So the main point is that there are no “children of House Tarkanan.” The organization thrives by recruiting new members, not by breeding them. If you’re a Tarkanan enforcer, you could marry a Morgrave librarian and have five kids; marked or unmarked, your spouse and children aren’t considered members of House Tarkanan unless they are recruited into it.

With that said, the issue behind the question is the idea that aberrant dragonmarks aren’t hereditary. And on that point, I’m going to change MY stance slightly. We’ve always said that the most reliable way to produce an aberrant dragonmark is to cross the bloodlines of two different houses—that this is more likely to produce an aberrant mark than a person with an aberrant mark having a child. And I stand by that, in general, with one exception: I think it’s fair to say that if both parents have aberrant dragonmarks, the odds of producing an aberrant child are the same as if you mixed two house bloodlines… that two aberrants ALSO produce a “mixed mark.” Since the War of the Mark, aberrant marks have been so rare that this has rarely been an issue. But now aberrant marks are starting to appear in greater numbers, and forces like House Tarkanan are concentrating them. So this is a factor that COULD lead to House Tarkanan producing more aberrant heirs.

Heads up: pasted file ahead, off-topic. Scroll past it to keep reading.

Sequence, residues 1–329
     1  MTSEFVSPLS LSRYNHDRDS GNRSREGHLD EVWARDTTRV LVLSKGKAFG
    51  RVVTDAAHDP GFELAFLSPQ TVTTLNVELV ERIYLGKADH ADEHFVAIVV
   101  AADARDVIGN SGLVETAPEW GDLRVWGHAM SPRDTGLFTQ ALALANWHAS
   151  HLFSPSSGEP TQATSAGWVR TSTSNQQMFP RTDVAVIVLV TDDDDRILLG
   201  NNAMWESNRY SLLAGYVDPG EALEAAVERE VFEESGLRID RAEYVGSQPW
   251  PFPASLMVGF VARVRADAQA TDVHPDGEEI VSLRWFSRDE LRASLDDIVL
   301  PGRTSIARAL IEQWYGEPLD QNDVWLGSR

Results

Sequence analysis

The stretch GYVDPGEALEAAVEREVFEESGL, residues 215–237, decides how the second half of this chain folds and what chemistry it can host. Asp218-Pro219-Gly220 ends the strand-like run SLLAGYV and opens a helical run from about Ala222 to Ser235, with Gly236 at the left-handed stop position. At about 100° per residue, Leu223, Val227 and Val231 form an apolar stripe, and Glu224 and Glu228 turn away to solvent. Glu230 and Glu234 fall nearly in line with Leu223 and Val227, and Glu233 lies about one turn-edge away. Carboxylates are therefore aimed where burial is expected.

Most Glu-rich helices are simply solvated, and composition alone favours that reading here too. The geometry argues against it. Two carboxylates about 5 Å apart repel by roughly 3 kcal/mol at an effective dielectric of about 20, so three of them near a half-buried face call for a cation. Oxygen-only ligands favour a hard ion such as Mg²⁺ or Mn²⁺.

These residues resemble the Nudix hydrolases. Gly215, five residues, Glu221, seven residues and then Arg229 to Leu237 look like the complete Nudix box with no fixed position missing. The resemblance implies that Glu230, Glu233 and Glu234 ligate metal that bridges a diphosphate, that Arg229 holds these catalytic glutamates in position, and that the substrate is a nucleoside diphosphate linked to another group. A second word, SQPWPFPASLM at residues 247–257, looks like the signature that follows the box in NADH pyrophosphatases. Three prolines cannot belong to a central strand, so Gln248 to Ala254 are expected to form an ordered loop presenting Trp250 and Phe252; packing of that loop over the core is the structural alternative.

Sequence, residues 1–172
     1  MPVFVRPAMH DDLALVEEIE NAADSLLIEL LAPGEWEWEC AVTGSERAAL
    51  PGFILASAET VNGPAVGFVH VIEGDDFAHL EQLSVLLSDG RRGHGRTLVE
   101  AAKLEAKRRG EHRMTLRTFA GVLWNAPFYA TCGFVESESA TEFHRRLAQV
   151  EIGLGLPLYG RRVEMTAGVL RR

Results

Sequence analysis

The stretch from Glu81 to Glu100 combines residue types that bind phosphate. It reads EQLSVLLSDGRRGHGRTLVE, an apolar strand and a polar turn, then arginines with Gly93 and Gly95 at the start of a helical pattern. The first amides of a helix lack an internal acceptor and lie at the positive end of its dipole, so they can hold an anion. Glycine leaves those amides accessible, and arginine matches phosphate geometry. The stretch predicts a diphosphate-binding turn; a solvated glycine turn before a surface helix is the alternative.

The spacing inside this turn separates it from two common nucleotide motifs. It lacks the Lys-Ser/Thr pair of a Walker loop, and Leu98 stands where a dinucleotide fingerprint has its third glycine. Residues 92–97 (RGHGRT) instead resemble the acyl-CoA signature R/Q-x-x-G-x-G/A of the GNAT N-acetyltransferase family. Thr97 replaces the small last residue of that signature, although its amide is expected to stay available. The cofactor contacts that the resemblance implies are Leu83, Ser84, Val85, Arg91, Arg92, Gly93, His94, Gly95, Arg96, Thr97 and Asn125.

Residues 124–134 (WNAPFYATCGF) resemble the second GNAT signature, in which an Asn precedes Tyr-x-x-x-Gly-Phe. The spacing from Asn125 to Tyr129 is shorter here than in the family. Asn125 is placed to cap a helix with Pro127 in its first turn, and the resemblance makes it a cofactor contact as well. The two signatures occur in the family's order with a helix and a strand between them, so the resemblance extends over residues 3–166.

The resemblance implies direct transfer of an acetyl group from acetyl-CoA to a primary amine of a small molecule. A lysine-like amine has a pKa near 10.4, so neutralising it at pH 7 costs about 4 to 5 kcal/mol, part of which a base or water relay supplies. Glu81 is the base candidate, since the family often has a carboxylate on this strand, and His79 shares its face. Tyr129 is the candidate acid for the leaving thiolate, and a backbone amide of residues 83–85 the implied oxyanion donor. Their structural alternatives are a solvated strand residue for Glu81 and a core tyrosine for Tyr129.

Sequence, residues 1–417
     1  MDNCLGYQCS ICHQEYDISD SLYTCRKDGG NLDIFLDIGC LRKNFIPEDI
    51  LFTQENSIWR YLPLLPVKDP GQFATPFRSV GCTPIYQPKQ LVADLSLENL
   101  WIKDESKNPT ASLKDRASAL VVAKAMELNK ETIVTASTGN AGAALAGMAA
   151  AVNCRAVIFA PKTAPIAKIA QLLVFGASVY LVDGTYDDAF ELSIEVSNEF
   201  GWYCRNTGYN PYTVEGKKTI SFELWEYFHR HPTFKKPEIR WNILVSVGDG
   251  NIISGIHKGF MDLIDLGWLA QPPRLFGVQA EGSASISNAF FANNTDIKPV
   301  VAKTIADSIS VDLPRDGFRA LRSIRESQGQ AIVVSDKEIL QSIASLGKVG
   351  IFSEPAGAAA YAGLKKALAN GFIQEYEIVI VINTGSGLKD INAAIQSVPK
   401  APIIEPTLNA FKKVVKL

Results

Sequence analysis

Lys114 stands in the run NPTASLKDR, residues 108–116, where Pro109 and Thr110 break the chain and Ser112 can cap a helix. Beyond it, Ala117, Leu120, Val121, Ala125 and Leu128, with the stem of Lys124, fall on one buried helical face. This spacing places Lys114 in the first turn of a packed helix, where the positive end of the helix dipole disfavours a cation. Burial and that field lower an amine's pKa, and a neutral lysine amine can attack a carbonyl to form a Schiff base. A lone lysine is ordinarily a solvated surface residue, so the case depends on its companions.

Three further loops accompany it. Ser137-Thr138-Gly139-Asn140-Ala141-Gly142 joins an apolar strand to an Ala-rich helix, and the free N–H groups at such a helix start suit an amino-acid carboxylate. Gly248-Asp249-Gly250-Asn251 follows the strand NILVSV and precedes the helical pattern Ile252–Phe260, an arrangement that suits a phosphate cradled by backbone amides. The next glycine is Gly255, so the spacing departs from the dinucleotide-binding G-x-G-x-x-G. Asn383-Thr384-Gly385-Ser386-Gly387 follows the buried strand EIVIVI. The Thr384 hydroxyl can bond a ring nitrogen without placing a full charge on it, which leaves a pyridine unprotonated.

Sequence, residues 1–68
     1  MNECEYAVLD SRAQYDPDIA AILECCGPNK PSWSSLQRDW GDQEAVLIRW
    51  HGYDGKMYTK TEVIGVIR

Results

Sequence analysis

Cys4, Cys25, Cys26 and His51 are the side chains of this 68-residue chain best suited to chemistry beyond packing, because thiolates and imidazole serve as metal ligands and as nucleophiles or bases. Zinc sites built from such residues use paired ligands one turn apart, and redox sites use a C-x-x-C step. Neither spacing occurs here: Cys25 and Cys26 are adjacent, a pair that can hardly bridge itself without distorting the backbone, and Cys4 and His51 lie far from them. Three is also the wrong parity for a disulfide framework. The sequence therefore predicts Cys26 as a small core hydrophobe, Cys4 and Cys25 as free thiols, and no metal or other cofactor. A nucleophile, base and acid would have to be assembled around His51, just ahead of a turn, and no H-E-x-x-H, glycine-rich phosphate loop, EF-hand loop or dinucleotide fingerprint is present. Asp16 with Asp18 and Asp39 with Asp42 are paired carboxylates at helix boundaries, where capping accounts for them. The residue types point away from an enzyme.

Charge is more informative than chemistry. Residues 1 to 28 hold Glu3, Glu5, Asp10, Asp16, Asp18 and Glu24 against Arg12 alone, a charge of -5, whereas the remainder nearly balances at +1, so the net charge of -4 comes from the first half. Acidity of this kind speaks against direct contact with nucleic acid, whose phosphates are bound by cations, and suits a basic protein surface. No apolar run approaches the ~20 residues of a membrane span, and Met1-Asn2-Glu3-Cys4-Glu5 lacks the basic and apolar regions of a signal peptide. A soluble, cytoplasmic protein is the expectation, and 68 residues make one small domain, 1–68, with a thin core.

But the critical question is… does it want to? 

Even if you have a more reliable way to produce an aberrant mark, one of the defining factors of aberrant marks is that they are unpredictable: even if two aberrant parents produce a child with an aberrant mark, most likely that mark will have NOTHING IN COMMON with the marks of the parents. The semi-canon example we have of this is in the novel The Son of Khyber. Tarkanan lieutenant Filleon is the son of Ghallanda-Jorasco parents and has a mark that gives him a lethal touch. His daughter Zae has a mark that lets her communicate with and control vermin… nothing to do with his mark, or Jorasco, or Ghallanda. The second key element is that fact that most aberrant marks have serious physical or mental side effects. In Son of Khyber, Filleon has a withered arm that’s a result of his mark, and accidentally killed his mother when his mark manifested. While Zae can communicate with rats, it appears that she can’t actually speak; Filleon himself says that her mark is a mental burden and that he feels pity for her. Essentially, if you’re a Cannith heir with the Mark of Making, there’s no reason not to pass that on to a child. If you’re an aberrant, you have no idea if your child will develop a mark they come to see as a curse, and you also know they’ll be ostracized and persecuted.